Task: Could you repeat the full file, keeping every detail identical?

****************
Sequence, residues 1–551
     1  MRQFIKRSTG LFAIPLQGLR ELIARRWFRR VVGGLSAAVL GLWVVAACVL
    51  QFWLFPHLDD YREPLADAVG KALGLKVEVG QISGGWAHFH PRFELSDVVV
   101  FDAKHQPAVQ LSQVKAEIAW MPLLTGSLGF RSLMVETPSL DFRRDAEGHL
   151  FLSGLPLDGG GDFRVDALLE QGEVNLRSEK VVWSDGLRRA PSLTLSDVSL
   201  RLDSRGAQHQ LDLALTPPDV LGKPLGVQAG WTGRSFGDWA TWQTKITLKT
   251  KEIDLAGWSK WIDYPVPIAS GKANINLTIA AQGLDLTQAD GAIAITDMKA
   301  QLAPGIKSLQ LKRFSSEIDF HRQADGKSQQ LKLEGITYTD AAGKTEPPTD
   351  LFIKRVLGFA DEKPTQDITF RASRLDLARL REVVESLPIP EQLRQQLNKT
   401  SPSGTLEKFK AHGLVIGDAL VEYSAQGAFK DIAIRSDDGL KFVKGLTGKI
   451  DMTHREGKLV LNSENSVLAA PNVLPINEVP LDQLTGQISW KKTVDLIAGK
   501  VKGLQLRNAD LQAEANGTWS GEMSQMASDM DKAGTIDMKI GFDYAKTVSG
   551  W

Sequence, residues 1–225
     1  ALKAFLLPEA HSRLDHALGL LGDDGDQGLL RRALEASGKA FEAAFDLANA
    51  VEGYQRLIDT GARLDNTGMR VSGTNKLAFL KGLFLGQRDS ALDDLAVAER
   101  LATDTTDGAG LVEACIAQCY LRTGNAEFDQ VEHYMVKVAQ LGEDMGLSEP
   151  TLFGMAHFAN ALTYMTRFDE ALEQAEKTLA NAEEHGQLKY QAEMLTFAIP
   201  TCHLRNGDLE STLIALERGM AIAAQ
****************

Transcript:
Sequence, residues 1–551
     1  MRQFIKRSTG LFAIPLQGLR ELIARRWFRR VVGGLSAAVL GLWVVAACVL
    51  QFWLFPHLDD YREPLADAVG KALGLKVEVG QISGGWAHFH PRFELSDVVV
   101  FDAKHQPAVQ LSQVKAEIAW MPLLTGSLGF RSLMVETPSL DFRRDAEGHL
   151  FLSGLPLDGG GDFRVDALLE QGEVNLRSEK VVWSDGLRRA PSLTLSDVSL
   201  RLDSRGAQHQ LDLALTPPDV LGKPLGVQAG WTGRSFGDWA TWQTKITLKT
   251  KEIDLAGWSK WIDYPVPIAS GKANINLTIA AQGLDLTQAD GAIAITDMKA
   301  QLAPGIKSLQ LKRFSSEIDF HRQADGKSQQ LKLEGITYTD AAGKTEPPTD
   351  LFIKRVLGFA DEKPTQDITF RASRLDLARL REVVESLPIP EQLRQQLNKT
   401  SPSGTLEKFK AHGLVIGDAL VEYSAQGAFK DIAIRSDDGL KFVKGLTGKI
   451  DMTHREGKLV LNSENSVLAA PNVLPINEVP LDQLTGQISW KKTVDLIAGK
   501  VKGLQLRNAD LQAEANGTWS GEMSQMASDM DKAGTIDMKI GFDYAKTVSG
   551  W

Sequence, residues 1–225
     1  ALKAFLLPEA HSRLDHALGL LGDDGDQGLL RRALEASGKA FEAAFDLANA
    51  VEGYQRLIDT GARLDNTGMR VSGTNKLAFL KGLFLGQRDS ALDDLAVAER
   101  LATDTTDGAG LVEACIAQCY LRTGNAEFDQ VEHYMVKVAQ LGEDMGLSEP
   151  TLFGMAHFAN ALTYMTRFDE ALEQAEKTLA NAEEHGQLKY QAEMLTFAIP
   201  TCHLRNGDLE STLIALERGM AIAAQ